Bug bites Elephant: Test-driven Quality Assurance in Big Data Application Development


Around the currently available large piles of Big Data, there's happening quite a mixed gathering: Business Engineers define which insightswould be precious, Analysts build models, Hadoop programmers tame the flood of data, and Operations people setup machines and networks. It's exactly the interplay of all participants which is central to project success. This setup together with the distributed nature of processing poses new challenges to well-established models of assuring software artifact quality: How can non-programmers define acceptance criteria? How can functionalities be tested which depend on cluster execution, orchestration of, e.g., different hadoop jobs without delaying the development process? Which data selection is suited best for simulating the live environment? How can intermediate results in arbitrary serialization formats be inspected?

In this talk, experiences and best practices from approaching these problems in a large-scale log data analysis project will be presented. At 1&1, our team develops hadoop applications which process roughly 1 billion log events (~1 TB) per day. We will give an overview of the hard- and software setup of our quality assurance environment, which includes FitNesse as a wiki-style acceptance testing framework.Starting from a comparison with existing test frameworks like MRUnit, we will explain how we automate the parameterized deployment of our applications, choose test data sampling strategies, perform workflow management and orchestration of jobs / applications, and use Pig for inspection of intermediate results and definition of final acceptance criteria. Our conclusion is that test-driven development in the field of Big Data requires adaption of existing paradigms, but is crucial for maintaining high quality standards for the resulting applications.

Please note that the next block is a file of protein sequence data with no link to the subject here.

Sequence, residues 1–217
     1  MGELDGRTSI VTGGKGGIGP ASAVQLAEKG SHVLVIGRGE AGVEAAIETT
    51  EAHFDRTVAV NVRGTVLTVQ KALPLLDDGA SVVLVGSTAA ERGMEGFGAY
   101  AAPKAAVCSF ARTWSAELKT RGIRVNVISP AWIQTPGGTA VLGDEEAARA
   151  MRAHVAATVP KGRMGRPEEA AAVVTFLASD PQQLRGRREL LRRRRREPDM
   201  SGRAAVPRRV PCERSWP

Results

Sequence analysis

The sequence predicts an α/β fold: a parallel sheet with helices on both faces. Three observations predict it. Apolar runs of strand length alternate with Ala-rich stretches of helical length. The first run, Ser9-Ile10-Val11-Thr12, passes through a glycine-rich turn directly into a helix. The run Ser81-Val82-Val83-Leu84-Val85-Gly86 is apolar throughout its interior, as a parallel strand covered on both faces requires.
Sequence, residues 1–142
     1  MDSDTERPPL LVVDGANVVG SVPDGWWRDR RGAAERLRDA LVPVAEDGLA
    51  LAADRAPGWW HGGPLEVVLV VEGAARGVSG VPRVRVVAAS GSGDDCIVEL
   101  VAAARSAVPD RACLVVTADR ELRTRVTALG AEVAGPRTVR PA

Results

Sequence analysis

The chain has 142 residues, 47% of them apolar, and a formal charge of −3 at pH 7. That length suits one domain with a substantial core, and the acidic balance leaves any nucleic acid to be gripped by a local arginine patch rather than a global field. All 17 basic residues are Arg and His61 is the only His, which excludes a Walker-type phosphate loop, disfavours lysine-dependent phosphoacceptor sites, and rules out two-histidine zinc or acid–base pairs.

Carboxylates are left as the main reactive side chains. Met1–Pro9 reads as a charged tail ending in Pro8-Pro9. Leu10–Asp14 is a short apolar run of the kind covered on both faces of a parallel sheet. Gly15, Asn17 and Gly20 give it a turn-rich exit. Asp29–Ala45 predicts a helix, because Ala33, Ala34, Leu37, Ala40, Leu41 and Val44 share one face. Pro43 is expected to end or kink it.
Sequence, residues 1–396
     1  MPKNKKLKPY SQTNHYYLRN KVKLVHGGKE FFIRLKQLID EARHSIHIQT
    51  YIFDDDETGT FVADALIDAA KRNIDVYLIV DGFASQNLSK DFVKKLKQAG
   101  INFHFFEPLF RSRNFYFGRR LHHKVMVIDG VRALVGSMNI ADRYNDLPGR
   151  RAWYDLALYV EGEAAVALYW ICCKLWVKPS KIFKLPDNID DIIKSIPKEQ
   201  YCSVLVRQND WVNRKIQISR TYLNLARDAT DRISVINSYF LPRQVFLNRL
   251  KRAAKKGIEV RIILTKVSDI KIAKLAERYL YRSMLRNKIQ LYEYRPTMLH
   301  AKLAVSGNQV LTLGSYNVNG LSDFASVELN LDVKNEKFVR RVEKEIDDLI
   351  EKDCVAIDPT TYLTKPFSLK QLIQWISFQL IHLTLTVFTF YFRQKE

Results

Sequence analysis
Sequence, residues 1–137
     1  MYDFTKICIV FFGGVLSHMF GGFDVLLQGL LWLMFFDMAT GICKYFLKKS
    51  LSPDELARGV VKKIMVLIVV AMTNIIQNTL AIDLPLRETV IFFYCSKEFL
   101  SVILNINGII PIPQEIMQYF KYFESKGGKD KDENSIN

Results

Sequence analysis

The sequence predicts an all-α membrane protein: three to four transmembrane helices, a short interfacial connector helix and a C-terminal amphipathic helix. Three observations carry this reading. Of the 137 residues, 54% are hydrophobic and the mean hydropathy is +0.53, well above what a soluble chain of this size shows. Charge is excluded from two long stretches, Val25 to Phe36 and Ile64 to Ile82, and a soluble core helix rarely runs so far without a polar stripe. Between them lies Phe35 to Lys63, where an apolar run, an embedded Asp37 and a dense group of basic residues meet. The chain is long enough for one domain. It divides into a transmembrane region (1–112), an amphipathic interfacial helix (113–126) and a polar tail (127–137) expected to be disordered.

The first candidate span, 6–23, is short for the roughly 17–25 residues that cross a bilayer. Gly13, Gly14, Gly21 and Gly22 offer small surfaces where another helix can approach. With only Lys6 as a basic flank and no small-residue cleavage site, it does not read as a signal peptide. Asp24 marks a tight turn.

About the speaker: 
Dr. Dominik Benz studied Computer Science with minor Psychology at the University of Freiburg, Germany. In his PhD at the Knowledge and Data Engineering Group (University of Kassel) he applied Data Mining and Knowledge Discovery methods to large datasets of Social Web Systems in order to discover emergent semantic structures. Since November 2012 he is working as a Big Data Engineer at Inovex GmbH, focussing on quality-driven development of Hadoop Applications in Business Intelligence contexts.

Schedule info

Time slot: 
3 June 12:00 - 12:45